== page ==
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Coronavirus: Implications for Iranian Pension Funds

Coronavirus: Implications for Iranian Pension FundsCoronavirus: Implications for Iranian Pension Funds

As the human costs of COVID-19 pandemic continue to rise, the virus is also taking its toll on the economy.
Analysts expect to see a negative impact on all sectors of the economy, from business shutdowns to downturns in investment and consumer spending.
Majlis Research Center, the research arm of Iranian Parliament, has published a new report on how the spread of the virus, deaths and unemployment resulting from it may affect the already-troubled Iranian pension funds.
It has developed three scenarios on the estimated costs the virus-related fatalities and unemployment might impose on pension funds.
Field studies have found that the average age of mortality among Iranians is 50. This is while retirement age is not the same for 24 pension funds of the country, which are divided into public pension funds (Social Security Organization, the Armed Forces Pension Fund, the Civil Servants Pension Fund and Rural and Nomadic Insurance Fund) and exclusive funds (pension funds for employees of the Islamic Republic of Iran Broadcasting, oil industry, banks, Central Insurance of Iran and municipalities).  
However, their average retirement age is 55.3. Those who died from COVID -19 were expected to retire by March 2025, suggesting that they passed away five years sooner in their working lives, putting forward the date of funds commitments.
The parliamentary think tank forecasts 1,000 deaths and 100,000 unemployed people that will impose 7,180 billion rials ($46 million) on pension funds in its optimistic scenario. Nearly 6,080 billion rials ($38.9 million) of this amount must be paid next year (March 2020-21).
As per a moderate scenario, there will be 2,000 deaths and 150,000 lost jobs that will impose a burden of 1,800 billion rials ($75.5 million) on pension funds. About 9,260 billion rials ($59.3 million) must be paid next year.
The worst-case scenario relies on the assumption that the virus will kill 4,000 people and cost 200,000 jobs. The financial burden will be an estimated 18,550 billion rials ($118.9 million), of which 12,770 billion rials are due next year.  
The average pension benefit the Civil Servants Pension Fund paid this year (March 2019-20) was 27 million rials ($173) per head monthly. The fund has 1.4 million policyholders.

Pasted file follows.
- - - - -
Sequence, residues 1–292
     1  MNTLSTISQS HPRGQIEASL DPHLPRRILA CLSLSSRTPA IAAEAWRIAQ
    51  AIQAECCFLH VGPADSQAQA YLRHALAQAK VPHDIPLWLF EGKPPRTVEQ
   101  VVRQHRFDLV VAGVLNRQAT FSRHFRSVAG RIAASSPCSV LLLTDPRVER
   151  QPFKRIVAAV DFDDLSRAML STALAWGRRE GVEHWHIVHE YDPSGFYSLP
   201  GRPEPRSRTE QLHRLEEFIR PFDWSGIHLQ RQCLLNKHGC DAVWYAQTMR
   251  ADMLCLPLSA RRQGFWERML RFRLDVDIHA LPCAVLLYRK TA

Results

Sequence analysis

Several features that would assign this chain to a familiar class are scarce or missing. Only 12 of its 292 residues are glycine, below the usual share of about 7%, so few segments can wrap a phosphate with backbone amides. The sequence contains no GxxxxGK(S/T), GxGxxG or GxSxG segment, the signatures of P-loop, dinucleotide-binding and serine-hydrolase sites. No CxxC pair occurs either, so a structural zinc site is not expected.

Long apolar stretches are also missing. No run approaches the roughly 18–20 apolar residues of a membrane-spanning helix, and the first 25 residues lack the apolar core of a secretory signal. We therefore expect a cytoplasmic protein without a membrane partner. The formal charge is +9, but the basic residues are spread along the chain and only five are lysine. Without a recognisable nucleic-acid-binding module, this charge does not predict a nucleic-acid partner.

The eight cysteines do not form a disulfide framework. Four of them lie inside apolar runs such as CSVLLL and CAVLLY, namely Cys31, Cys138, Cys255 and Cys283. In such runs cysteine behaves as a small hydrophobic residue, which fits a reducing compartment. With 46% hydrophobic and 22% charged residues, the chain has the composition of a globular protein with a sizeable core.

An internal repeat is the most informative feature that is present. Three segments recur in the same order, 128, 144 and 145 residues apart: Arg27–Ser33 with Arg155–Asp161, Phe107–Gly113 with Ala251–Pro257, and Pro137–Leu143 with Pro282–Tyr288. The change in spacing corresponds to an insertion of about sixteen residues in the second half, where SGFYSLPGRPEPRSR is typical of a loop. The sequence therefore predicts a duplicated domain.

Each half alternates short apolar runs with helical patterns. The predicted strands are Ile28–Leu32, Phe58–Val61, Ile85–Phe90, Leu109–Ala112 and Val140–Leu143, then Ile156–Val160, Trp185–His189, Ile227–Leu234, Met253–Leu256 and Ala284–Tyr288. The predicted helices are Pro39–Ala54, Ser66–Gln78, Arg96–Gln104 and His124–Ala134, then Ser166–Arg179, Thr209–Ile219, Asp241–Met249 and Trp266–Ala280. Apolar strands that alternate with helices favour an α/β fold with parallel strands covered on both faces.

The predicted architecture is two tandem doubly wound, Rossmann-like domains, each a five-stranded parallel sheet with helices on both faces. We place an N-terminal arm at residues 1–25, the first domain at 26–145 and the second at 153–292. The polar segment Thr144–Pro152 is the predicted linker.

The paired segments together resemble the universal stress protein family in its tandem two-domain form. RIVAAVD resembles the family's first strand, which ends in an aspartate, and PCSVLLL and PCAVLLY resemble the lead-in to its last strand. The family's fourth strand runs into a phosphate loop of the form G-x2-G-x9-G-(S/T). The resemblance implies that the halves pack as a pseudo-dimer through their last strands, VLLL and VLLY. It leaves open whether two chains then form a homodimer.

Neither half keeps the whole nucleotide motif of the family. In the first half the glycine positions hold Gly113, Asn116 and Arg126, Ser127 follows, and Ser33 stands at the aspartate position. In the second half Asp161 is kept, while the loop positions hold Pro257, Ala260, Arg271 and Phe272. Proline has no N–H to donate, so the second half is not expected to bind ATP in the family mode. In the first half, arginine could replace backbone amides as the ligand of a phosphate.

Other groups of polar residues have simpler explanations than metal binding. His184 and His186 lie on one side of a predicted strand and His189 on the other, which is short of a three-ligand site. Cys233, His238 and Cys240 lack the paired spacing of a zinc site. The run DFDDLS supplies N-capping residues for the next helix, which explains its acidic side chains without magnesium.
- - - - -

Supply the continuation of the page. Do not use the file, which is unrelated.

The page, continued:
The average pension benefit the Armed Forces Pension Fund paid this year was 31 million rials ($198) per head monthly. The fund has 700,000 policyholders.
The average pension benefit paid by the Social Security Organization this year was 19 million rials ($121) per head monthly. The fund has 13.9 million policyholders.
The average pension benefit paid by the Civil Servants Pension Fund and Rural and Nomadic Insurance Fund this year was 14 million rials ($89.7) per person monthly. The fund has 1.6 million policyholders.
There are more than 17.6 million policyholders in total. The average pension they would receive if retired is around 20 million rials ($128.2) per person monthly this year.

 

 

Dire Financial Conditions

Economists have time and again warned about the dire financial conditions of pension funds in Iran and that they are likely to go under in the not-too-distant future.
The costs imposed by the bloated workforce of some companies have strained pension funds’ finances, according to deputy minister of cooperatives, labor and social welfare, Hojjatollah Mirzaei.
He noted that the retirement age in other countries is between 60 and 65 whereas in Iran people call it quits at the prime age of 40 or 50.
The wife and children of deceased pensioners continue to enjoy social security benefits and this has prolonged pension plans up to 90 years, he added.
Rasoul Khezri, a member of Majlis Social Commission, was quoted as saying in 2018 that out of the 20 funds paying pensions to the retired populace in Iran back then, 18 were in a state of bankruptcy.
Considering retirement funds as one of the main challenges facing the country, the official added that the current insurance purchaser/pension seeker ratio is 5.6, even 2 for some funds, whereas the desired ratio for a functioning fund is at 6.5.
According to international standards, the ratio of pension receivers to the workforce that contributes should be 1:6 whereas in Iran pensioners outnumber contributors by 1:0.9 or 1:0.5, Khezri said.
For alleviating the issue, Majlis Social Commission introduced a plan for increasing the gains of pension providers by making them invest their money in lucrative markets, such as the stock market.
According to Khezri, all of the pension providers in Iran were in a state of bankruptcy, with the exception of Social Security Organization, and, to some extent, the fund of banks.

 

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